Anthrax, along with Death Angel, have spent the better part of the last 2 months on the road-supporting and pumping up their new album For All King’s (Megaforce) and as well as supporting their brothers in metal crime the almighty Slayer. But what is a thrash metal band suppose to do once a Big 3 metal assault across the USA comes to an end? Grab Death Angel and do it some more… And that’s what Anthrax set out to do. Continue on and melt the faces of more metal heads!Continue reading →
Sunflower Dead have spent this summer on tour, much like they have the last year. Supporting their 2015 release It’s Time To Get Weird, from their own label Blood Bat Records, the band has gone from unknown to underground sensation in a few short years. Just off the road from the tour bus, we spoke to frontman and leader Michael Del Pizzo about the bands’ recent tour with Avatar, breaking an “art rock” band in today’s climate, and the fun challenges of being a “different” kind of band than people are used to.
With Avatar and Sunflower Dead being like-minded bands and talents, we asked first how the tour went:
The Avatar tour was great. The way it happened was we had not signed onto a booking agent for our first album, and then this album, we were picking up so much steam that their booking agent came to us and said “Look, we want to pick you guys up and then we’ll put you with Avatar to get it going.” We were like ” That’s perfect.” It’s a perfect match. Those guys are very theatrical like we are, but they are a little more metal than we are, and I think we’re a little more rock than we are. The fans, in my opinion, really got their money’s worth. It was a great show and I know people have been emailing me already being like ” Are you guys going to tour with Avatar again? We’d really like to see that again.” I’m like “Hopefully.” We definitely got along great and the show, every night was just phenomenal.
In addition to the recent tour, Avatar played dates with Hellyeah and In This Moment, and have another leg of the Hellyeah tour booked, along with Escape The Fate. As a relatively new band in the last few years, we wondered how the band deals with trying to convert new fans all the time?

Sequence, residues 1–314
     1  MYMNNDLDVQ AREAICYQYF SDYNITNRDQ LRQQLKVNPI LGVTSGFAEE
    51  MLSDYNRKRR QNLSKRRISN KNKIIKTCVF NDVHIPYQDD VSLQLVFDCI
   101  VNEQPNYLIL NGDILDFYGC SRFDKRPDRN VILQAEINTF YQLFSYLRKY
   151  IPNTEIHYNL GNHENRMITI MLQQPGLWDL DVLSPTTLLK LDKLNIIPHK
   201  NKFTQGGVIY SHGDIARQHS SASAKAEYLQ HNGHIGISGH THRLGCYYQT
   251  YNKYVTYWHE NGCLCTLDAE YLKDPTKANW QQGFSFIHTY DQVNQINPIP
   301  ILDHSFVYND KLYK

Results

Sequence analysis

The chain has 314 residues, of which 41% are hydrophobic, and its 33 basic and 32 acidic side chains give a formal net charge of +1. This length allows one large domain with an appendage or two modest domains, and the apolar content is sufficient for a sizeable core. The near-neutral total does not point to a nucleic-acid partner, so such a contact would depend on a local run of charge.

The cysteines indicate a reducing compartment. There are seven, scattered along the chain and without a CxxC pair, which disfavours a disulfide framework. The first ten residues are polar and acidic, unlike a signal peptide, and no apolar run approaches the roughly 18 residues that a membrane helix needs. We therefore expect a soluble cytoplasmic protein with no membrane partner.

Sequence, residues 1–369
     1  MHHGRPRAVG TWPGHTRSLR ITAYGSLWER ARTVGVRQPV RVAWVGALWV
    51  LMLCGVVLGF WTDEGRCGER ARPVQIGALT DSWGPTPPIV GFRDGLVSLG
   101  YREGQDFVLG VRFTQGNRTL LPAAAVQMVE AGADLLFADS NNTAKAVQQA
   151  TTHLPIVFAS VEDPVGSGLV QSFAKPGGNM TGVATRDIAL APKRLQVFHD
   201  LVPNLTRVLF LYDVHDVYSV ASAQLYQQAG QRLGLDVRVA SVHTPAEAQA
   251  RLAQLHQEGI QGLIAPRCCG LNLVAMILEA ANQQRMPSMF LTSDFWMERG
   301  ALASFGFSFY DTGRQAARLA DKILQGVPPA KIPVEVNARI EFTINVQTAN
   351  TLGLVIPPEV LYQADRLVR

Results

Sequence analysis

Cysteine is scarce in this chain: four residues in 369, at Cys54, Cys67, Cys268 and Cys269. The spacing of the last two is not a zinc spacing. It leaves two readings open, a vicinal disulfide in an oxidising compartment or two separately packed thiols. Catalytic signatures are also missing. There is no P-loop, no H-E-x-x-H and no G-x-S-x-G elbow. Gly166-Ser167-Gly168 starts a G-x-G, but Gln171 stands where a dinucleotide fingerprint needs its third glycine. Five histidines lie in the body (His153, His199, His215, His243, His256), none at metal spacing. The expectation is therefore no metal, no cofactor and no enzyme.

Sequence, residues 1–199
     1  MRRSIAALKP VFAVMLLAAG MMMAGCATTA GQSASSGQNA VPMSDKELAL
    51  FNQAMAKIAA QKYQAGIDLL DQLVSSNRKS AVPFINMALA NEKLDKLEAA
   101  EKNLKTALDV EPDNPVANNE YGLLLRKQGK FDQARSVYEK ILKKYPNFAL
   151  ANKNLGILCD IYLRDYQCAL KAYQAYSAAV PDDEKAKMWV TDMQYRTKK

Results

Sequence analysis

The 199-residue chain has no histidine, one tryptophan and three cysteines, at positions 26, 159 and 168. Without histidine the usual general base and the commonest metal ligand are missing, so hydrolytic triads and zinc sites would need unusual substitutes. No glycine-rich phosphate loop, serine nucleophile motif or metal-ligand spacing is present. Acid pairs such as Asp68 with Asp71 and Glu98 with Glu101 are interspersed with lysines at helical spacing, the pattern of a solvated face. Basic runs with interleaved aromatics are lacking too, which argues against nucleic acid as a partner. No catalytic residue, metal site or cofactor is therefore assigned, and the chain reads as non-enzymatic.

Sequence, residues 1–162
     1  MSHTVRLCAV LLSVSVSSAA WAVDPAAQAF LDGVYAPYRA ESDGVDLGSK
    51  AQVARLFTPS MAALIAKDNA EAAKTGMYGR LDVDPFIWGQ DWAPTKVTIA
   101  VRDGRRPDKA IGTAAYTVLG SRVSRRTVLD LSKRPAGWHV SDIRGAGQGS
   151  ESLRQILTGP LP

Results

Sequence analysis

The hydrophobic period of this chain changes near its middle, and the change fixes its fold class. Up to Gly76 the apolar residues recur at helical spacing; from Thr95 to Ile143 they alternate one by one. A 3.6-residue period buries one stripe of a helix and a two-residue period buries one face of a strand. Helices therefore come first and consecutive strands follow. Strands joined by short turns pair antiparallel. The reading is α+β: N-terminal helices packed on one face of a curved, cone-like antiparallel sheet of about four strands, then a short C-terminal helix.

The live thing has been great for us since day one. The weird looks we get, they are purposefully weird. We usually start with me just playing the accordion by myself for the crowd, and for people that don’t know or haven’t heard of us, they are just bewildered that a guy in makeup would walk onstage by himself with an accordion at a metal show, but I’ll tell you what, it gets everyone’s attention and makes them shut up. The camera phones start coming out. They start filming and then when the band joins me, we start our set, and by the end of the night, we’ve made a whole slew of new fans.
Michael is a well-known multi-instrumentalist and singer, but the accordion is his main weapon of choice. We asked what drew him to him to a non-traditional instrument and when did he figure out if it could work in rock context:
When I was younger, I played the piano. I play the piano in Sunflower Dead and we haven’t been able to bring it out on the stage alone yet. I play the piano, so I just wanted to pick something up that was challenging. I never has any kind of magnetism towards the guitar or the bass or drums. I just wanted to challenge myself, and I went to a used music store when I was a kid and bought an accordion. I picked the thing up and it felt like eerily right. I just started writing on it. I don’t know why, it just worked. I showering it to my guitar player at the time when I was a kid and he was like “Wow that is really cool.” I showed him how I was playing and he was like ” Wow. That is he creepiest thing I’ve ever heard.” I don’t know how it worked for me when we started Sunflower Dead. Jamie, my guitar player in the band said ” Why don’t you play that instrument you play, the accordion. It’s just so visual.” I was like “Cool.” It’s coming to the band, and when you put it together with the band and the makeup and the music, it just fits.
Do you use a special custom microphone? How do you mic that for a live a club setting, a club PA?
I have a mini accordion. It’s made by Roland. It’s made completely different from an acoustic accordion. The mic actually plugs directly into the accordion itself and I go direct into the PA system. It’s all MIDI. It’s like this little keyboard thing I have. It’s crazy! Roland did a really great job with mocking what an accordion does, but giving something with the versatility to create sound and just have it be very simple work. If I had the mic and the acoustic accordion with the band, that would be terrible.